Zoom stock surge gives little-known early investor a fortune

Zoom stock surge gives little-known early investor a fortune

4 -min read
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4 -min read
Listen to this article

[SAN JOSE] Some of the biggest names in finance and business made a fortune on Zoom Video Communications: Hong Kong's Li Ka-shing, Tiger Global Management's Chase Coleman and, of course, founder Eric Yuan, whose net worth has surged to more than US$10 billion.

And then there's Samuel Chen, a little-known Taiwanese investor who made his initial wealth through ink trading and started putting money in the video-conferencing juggernaut about a decade ago.

His Digital Mobile Venture, which participated in Zoom's early funding rounds, controls a US$1.6 billion stake based on Thursday's closing price, assuming it hasn't sold stock since the holding was last disclosed at the end of March.

Shares of Zoom, which recently reported a 170 per cent increase in first-quarter revenue, have more than quintupled since their initial public offering (IPO) last year.

Mr Chen is also a board member of Taiwan circuit maker Sonix Technology, and Digital Mobile is the biggest shareholder of California-based Telenav, which makes navigation software.

He keeps a low profile and doesn't give interviews. Shumin Huang, a spokesperson for Sonix, said he doesn't engage in that firm's daily operations. With respect to the Zoom investment, he considers himself lucky, Ms Huang said.

For that, Mr Chen can thank Telenav chief executive officer H P Jin, who introduced him to Mr Yuan, according to a person familiar with the relationship. Mr Jin knew Mr Yuan from when they played soccer together on weekends in the San Francisco area, and he invested alongside Mr Chen in Zoom's early financing rounds partly because of how Mr Yuan conducted himself on the pitch.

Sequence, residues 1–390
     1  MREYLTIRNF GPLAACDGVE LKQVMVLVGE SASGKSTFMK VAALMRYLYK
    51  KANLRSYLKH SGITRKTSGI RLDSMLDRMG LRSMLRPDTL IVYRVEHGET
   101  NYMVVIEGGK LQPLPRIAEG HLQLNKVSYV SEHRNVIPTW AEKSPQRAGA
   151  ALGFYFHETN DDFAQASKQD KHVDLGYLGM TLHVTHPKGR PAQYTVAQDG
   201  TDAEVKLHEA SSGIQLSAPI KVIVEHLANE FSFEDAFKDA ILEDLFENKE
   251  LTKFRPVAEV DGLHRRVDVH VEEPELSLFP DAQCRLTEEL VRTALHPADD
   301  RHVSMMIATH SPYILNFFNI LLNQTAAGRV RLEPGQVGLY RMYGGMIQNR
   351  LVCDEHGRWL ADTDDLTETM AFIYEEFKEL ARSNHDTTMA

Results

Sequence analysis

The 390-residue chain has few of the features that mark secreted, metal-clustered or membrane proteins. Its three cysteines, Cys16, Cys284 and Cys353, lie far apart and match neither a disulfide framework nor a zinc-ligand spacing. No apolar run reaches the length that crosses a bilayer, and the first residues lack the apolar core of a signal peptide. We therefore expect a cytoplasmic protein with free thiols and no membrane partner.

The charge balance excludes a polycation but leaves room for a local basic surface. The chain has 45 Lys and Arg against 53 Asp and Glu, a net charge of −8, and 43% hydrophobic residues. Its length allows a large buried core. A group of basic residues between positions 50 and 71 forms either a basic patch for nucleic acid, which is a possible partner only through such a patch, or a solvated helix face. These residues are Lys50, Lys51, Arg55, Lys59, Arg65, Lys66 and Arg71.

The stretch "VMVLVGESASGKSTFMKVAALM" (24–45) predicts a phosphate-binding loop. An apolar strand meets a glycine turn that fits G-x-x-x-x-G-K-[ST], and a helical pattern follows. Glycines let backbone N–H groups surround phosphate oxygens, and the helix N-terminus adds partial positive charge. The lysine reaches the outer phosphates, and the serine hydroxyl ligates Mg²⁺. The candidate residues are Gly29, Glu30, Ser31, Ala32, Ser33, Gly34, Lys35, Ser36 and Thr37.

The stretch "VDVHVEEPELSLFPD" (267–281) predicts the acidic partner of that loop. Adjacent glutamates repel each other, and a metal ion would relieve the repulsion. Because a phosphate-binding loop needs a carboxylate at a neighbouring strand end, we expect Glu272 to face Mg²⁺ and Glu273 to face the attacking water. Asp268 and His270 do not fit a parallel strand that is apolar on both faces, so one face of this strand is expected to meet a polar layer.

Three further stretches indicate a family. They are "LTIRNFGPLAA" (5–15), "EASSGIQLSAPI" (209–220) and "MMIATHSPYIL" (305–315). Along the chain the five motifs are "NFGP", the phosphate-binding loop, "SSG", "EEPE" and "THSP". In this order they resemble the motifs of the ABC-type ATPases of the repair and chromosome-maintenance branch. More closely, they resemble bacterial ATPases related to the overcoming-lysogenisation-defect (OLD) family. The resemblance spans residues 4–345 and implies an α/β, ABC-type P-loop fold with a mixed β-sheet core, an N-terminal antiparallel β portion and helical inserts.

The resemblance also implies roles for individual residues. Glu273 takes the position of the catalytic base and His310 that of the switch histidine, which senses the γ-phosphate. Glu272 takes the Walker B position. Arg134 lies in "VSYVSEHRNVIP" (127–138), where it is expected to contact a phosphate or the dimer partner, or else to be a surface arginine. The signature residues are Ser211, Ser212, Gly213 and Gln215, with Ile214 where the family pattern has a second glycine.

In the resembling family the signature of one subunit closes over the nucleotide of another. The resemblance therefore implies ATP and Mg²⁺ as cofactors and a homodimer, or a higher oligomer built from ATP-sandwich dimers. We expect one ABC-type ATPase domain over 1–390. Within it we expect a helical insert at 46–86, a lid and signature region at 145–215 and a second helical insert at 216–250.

"The way you behave on the soccer field is very important," said Mr Jin, who estimates his Zoom stake is worth more than US$100 million.


Mr Chen's investment firm has already sold some Zoom shares, including a US$22 million chunk at Zoom's April 2019 IPO and an additional 13 million shares through March, according to a filing. That means it could have earned a windfall of as much as US$2.1 billion.

Analysts tracked by Bloomberg are split on the stock's prospects. A dozen recommend that investors buy the shares, 13 have hold ratings and five say sell. Zoom's surging popularity has come with concerns over its security practices, prompting the company to bolster protective measures for users.

There's also the risk that people will abandon the service after the pandemic ends and they return to the workplace en masse.

The stock slid 3 per cent to US$204.04 at 2.10pm in New York, paring the company's market value to about US$57.5 billion.

"How can anybody be tired of Zoom?" chief financial officer Kelly Steckelberg said Friday in an interview with Bloomberg TV. "Video communication has been integrated into all aspects of our lives. Sure, maybe you don't want to spend all of your days on Zoom meetings, but maybe we will see a mixed approach to that. We also have many other products, Zoom Phone, our cloud-based product as well as Zoom Rooms as people think about going back to work."

Zoom's cloud-based phone offering is a "significant opportunity" that could set it up as a unified communications provider, Alex Zukin, an analyst at RBC Capital Markets, said in a note to clients this week in which he upgraded the shares to a buy.

There's "still money to be made in the stock," he said.


Mr Chen and other investors made initial investments in Zoom in 2011, according to a post last year on Medium by Louis Li of venture-capital firm TSVC, formerly known as TEEC Angel Fund.

A year later, as Zoom burned through its seed funding and few venture-capital funds showed interest, Mr Chen stepped in to lead a Series A round.

The investor, now in his late 60s, left Zoom's board in 2018, four years after Digit Mobile Inc, a Taiwan-based company where he serves as chairman, brought the service to the island.

Mr Chen, who received a bachelor's degree in chemistry from Taiwan's National Tsing Hua University, earned his early fortune through a business trading ink, according to a book on successful former students published to celebrate the college's 100th anniversary.


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